Trucking company tip leads to $19.5 million drug seizure

Police and Alabama ABC enforcement agents seized approximately 4,360 lbs. of raw substances used in making the synthetic marijuana drug known as “spice” valued at $19.5 million thanks to a tip from a Loxley, AL, trucking company, according to a Baldwin Country Now news report

Police and Alabama ABC enforcement agents seized approximately 4,360 lbs. of raw substances used in making the synthetic marijuana drug known as “spice” valued at $19.5 million thanks to a tip from a Loxley, AL, trucking company, according to a Baldwin Country Now news report.

Included in the seizure were approximately 200 boxes of materials such as packaging, labels and sealer, among others, needed to dispense the drug.

The trucking company, which was not identified by authorities, contacted Loxley police after a driver found suspicious boxes in his truck while delivering a shipment. The shipment came from Florida and was returning to Florida when police were called. No arrests have been made in the case.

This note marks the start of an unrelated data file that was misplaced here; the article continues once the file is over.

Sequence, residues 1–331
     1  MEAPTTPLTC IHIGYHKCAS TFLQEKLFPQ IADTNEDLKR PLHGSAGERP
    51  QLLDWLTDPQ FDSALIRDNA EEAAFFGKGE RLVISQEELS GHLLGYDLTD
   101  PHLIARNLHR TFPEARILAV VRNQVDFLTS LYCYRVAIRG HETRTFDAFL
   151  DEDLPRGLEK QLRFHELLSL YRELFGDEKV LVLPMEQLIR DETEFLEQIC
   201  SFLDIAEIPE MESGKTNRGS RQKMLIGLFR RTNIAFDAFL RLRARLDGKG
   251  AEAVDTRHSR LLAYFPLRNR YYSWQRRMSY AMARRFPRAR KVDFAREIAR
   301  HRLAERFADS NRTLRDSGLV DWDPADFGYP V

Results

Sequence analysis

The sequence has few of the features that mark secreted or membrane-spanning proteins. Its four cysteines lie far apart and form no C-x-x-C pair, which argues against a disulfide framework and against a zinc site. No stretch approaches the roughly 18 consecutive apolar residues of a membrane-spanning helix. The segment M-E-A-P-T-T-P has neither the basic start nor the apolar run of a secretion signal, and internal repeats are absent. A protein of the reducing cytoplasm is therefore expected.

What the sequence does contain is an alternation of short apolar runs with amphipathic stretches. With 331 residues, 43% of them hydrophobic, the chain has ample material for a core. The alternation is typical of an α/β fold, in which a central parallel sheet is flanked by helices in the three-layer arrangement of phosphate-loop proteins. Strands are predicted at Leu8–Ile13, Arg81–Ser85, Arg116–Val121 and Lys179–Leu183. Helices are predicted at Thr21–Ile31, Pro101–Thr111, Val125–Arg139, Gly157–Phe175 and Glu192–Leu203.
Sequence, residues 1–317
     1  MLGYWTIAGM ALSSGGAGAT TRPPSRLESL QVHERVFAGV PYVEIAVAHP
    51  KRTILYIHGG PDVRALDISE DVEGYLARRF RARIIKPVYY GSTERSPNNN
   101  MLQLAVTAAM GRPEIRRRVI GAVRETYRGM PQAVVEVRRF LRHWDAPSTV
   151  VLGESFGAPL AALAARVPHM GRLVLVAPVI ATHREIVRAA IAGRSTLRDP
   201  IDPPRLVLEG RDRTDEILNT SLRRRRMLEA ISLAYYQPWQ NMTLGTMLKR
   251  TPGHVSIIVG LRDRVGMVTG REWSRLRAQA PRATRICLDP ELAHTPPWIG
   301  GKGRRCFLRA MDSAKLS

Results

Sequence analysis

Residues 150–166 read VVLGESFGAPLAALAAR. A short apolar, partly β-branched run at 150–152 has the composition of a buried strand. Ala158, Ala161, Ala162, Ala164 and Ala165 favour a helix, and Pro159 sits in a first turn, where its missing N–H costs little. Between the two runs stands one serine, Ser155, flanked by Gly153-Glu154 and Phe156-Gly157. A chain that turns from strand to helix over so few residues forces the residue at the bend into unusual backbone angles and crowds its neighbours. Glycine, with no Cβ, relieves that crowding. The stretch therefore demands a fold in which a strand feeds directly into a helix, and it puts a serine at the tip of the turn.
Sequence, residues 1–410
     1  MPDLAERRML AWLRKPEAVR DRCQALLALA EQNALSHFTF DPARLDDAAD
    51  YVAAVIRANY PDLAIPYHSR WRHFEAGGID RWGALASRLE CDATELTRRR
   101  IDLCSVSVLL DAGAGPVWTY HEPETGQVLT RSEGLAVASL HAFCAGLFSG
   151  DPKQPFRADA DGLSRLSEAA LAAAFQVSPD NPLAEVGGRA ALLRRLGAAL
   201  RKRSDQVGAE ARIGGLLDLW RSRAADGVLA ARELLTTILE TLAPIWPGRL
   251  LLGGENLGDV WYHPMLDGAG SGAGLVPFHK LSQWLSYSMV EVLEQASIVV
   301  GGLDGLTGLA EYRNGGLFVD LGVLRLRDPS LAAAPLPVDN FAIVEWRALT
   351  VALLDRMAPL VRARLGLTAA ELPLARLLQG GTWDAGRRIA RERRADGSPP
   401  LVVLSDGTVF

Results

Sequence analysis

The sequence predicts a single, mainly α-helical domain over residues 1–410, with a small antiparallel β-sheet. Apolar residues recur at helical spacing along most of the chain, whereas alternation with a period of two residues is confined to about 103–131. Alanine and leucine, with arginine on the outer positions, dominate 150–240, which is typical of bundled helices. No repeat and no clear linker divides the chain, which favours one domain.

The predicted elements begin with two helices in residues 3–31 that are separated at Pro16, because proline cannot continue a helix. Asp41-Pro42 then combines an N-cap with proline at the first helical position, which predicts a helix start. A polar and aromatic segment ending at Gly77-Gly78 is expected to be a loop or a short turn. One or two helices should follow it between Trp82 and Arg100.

“We know the shipment came from Florida, was being offloaded at a local trucking hub and reloaded for transport back to Florida, but we don’t know at this time exactly where the shipment came from or where it was going,” said Capt. Hal Taylor of the Alabama ABC Board enforcement division.

“This action demonstrates our commitment to keeping our state safe from these and other new and emerging drugs that have decimated families, ruined lives and caused havoc in communities across the state,” said Taylor in a press release. “These chemicals pose a direct and significant threat, regardless of how they are marketed; we will aggressively pursue those who attempt to manufacture and sell this product.”

“Over the past several months, there has been a growing use of, and interest in, synthetic stimulants, marketed under the name as ‘spice’ labeled, marketed and distributed as incense, potpourri and a variety of other things,” Taylor said. Spice mimics the effects of cocaine, LSD, MDMA, and/or methamphetamine.

“Users have reported impaired perception, reduced motor control, disorientation, extreme paranoia, and violent episodes,” Taylor said. “The long-term physical and psychological effects of use are unknown, but potentially severe.” Spice has become increasingly popular, particularly among teens and young adults, and products containing the substance are sold at a variety of retail outlets and over the Internet.

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